main: July 2010 Archives

Harvey Pekar was pissed at me. He told me so himself but I'd seen it coming because, as a parting gift, the outgoing editor of the jazz magazine I'd just taken the reins of had repeated to Harvey my criticisms--all legitimate--of his article about Jazz at Lincoln Center, knowing it would raise his substantial ire. I was "one of those Wynton sycophants," he raged, another "spineless suckup" looking for power and missing the real music. Harvey was wrong. I mean, he was right about the real music--Harvey was more often than not right about music; he had great taste and the knowledge to place it in context. But he was wrong about me: I agreed with his point of view, I just had some issues with the way he'd expressed it in print, with his research or lack thereof.

There was no such thing as a short conversation with Harvey. And boy do I miss that today. Not just because there will be no more conversations with Harvey -- in truth, there haven't been for me in a decade, since I left that gig (yet now there's not even the possibility of another one with him)--but also because the world I've now entered, one filled with emails and texts but little in the way of actual human discourse, is a place Harvey predicted, along with a dozen other dour but spot-on prophecies. Harvey's shit could bring you down if you let it, sure, but it was usually accurate.

Harvey was again incorrect a few calls after that first one, when he called me a "garden variety Jew" in a combative tone when I queried his commentary about Sephardic musical themes. (I think he was reviewing something by Joe Maneri, but it could have been John Zorn. Or maybe neither.) When I explained that my grandfather on my mother's side came from Greece, that I'd been Bar Mitzvahed in a Sephardic temple, landing on t's, not s's at the ends of words, he seemed convinced of my legitimacy as a Jew (if not an editor) of some distinction.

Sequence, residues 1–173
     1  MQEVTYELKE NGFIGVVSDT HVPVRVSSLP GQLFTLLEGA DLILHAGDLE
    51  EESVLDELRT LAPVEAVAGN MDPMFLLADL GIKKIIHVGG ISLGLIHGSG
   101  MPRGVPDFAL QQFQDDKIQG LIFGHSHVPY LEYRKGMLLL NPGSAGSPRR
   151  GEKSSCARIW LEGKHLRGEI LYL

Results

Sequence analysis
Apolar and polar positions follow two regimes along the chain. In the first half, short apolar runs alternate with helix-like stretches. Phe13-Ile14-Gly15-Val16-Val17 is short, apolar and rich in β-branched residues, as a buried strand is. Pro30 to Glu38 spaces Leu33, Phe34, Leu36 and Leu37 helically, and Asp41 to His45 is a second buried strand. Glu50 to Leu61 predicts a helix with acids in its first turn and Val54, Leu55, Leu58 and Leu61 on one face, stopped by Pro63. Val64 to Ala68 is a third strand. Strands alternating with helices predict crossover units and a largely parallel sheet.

Things went more smoothly after that. 

July 13, 2010 3:33 PM | | Comments (0)

In honor of Independence Day, what could be more American than playing jazz in the street? Here are two stories of mine along those lines, running today.


The first, for the website Truthdig, talks about brass bands and street musicians in New Orleans--especially some city ordinances that make my blood boil and some signs of reform by city council and Mayor Landrieu that would warm my heart.


The second, for The Wall Street Journal, celebrates the near-half-century legacy of Jazzmobile, a nonprofit that, if you live in New York City, has likely rolled into your 'hood.

July 5, 2010 3:57 PM | | Comments (0)

In honor of Independence Day, what could be more American than playing jazz in the street? Here are two stories of mine along those lines, running today.


The first, for the website Truthdig, talks about brass bands and street musicians in New Orleans--especially some city ordinances that make my blood boil and some signs of reform by city council and Mayor Landrieu that would warm my heart.


The second, for The Wall Street Journal, celebrates the near-half-century legacy of Jazzmobile, a nonprofit that, if you live in New York City, has likely rolled into your 'hood.

July 5, 2010 3:57 PM | | Comments (0)

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